The helicopter rotor system is the rotating section of the aircraft that generates lift. The rotor is made up of the mast, hub, and rotor blades. The mast is a hollow, cylindrical metal shaft that extends up from the transmission. In some configurations, the transmission also supports the mast. Atop the mast lies the attachment point for the rotor blades. This is called the hub. The rotor blades can attach to the hub through a variety of means. In fact, the type of rotor system is determined by the way the blades are attached to the hub. There are three different rotor systems: semirigid, rigid, and fully articulated. This blog will explain each of these rotor systems, as well as the rotor types themselves.

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When designing rotor blades for a new helicopter, the length is often decided based on the intended application. With longer helicopter rotor blades, more powerful lift can be achieved which is optimal for carrying heavier loads. Smaller blades on the other hand allow for less drag and faster achievable speeds. With the advent of new technology and capability, the ability to have both types with the same rotor may soon become a reality.

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It’s an exciting time for the helicopter industry—new innovations and upgrades are on the forefront of technological development for Helicopters. Advancements in overall structure, engine components, and design are changing the way we conceptualize— and use—these aircraft. Traditional rotor systems are getting a facelift, and Bell is one of the companies paving the way for the future of helicopter operation.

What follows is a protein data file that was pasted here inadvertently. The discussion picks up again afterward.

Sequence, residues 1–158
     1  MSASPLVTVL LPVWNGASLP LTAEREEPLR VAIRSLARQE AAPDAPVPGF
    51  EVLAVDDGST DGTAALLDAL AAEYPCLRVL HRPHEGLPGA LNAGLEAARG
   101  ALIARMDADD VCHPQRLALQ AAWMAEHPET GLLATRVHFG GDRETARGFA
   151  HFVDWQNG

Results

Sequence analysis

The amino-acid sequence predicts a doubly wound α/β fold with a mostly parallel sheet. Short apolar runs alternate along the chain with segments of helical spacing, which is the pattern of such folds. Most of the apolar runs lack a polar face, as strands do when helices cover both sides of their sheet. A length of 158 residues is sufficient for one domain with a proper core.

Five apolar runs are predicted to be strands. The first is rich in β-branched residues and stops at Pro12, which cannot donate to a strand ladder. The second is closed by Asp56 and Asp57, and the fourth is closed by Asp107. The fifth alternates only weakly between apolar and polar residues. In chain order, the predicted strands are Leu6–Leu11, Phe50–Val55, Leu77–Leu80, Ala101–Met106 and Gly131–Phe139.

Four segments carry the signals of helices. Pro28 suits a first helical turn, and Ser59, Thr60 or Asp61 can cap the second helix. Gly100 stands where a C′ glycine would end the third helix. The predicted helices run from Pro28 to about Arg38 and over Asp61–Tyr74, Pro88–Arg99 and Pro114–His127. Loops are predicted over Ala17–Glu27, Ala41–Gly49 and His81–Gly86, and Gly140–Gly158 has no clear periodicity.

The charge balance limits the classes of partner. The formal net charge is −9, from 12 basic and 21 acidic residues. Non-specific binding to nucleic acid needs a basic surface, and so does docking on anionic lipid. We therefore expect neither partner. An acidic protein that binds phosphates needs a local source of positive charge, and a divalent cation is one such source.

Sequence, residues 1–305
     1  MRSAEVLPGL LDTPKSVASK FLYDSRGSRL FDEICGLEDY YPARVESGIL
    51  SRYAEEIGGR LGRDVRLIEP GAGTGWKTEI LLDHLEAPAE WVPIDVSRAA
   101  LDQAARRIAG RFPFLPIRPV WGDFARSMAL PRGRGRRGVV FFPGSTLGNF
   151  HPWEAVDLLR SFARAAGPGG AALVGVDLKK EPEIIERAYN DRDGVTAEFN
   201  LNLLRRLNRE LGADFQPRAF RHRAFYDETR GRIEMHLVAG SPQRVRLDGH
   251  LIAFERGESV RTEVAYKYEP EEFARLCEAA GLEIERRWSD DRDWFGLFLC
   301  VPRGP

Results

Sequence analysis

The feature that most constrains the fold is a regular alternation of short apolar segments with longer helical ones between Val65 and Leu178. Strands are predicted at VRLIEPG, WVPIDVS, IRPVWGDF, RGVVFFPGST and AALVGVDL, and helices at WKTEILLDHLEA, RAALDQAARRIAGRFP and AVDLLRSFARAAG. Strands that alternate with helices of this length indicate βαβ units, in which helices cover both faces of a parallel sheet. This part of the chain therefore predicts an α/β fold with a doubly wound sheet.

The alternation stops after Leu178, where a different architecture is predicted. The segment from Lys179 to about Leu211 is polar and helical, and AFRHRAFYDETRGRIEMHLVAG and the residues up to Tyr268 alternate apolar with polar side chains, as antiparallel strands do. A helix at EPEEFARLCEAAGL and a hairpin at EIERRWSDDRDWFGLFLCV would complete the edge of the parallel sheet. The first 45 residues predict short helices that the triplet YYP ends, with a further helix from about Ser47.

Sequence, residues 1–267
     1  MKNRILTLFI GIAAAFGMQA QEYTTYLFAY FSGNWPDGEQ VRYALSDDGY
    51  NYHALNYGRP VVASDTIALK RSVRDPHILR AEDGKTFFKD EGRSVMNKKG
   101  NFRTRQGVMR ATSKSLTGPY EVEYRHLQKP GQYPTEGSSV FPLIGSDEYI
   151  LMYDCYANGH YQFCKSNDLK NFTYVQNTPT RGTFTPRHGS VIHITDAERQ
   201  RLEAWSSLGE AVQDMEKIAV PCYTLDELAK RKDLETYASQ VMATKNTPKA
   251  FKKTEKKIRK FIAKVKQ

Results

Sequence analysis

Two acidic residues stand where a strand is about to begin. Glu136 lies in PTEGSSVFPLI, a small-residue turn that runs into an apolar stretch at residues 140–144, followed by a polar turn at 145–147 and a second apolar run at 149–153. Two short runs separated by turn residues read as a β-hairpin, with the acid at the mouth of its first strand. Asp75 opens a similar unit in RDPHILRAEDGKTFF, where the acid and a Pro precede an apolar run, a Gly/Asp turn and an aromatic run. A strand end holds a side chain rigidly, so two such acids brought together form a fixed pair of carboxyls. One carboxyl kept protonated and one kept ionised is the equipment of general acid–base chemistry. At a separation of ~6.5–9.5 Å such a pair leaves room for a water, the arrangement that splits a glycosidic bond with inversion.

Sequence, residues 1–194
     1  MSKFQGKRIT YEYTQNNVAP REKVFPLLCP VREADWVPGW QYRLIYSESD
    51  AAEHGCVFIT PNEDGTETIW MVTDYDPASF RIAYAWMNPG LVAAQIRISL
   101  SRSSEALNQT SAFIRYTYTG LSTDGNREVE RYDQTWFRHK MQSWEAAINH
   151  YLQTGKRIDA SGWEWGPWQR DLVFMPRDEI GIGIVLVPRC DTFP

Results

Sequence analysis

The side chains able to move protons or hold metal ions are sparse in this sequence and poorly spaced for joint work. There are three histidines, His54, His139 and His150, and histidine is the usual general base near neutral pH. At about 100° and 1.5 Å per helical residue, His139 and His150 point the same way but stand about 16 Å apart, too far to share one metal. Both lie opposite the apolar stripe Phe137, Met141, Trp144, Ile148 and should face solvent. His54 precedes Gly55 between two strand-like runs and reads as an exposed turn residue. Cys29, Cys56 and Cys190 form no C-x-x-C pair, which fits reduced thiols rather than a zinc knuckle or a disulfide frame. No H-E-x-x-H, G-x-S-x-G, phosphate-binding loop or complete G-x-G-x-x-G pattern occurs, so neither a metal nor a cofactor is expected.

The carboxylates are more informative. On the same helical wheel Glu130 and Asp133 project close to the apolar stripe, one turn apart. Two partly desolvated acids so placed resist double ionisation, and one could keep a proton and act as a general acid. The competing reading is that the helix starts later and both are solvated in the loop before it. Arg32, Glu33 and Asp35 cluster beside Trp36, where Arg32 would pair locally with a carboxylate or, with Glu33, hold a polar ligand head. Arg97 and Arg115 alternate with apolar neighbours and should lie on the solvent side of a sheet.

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One of the most important parts of any rotorcraft is undoubtedly the rotor. But the blades are a close second. Afterall, for rotorcraft, the rotational movement of the blades is the only reason that the aircraft can even achieve lift and fly. For rotorcraft like helicopters, lift is achieved when the rotor blades (airfoil) meet the oncoming airflow and deflect them, creating a change in the direction of the airflow, which results in an area of low pressure forming behind the leading edge of the upper surface of the blade.

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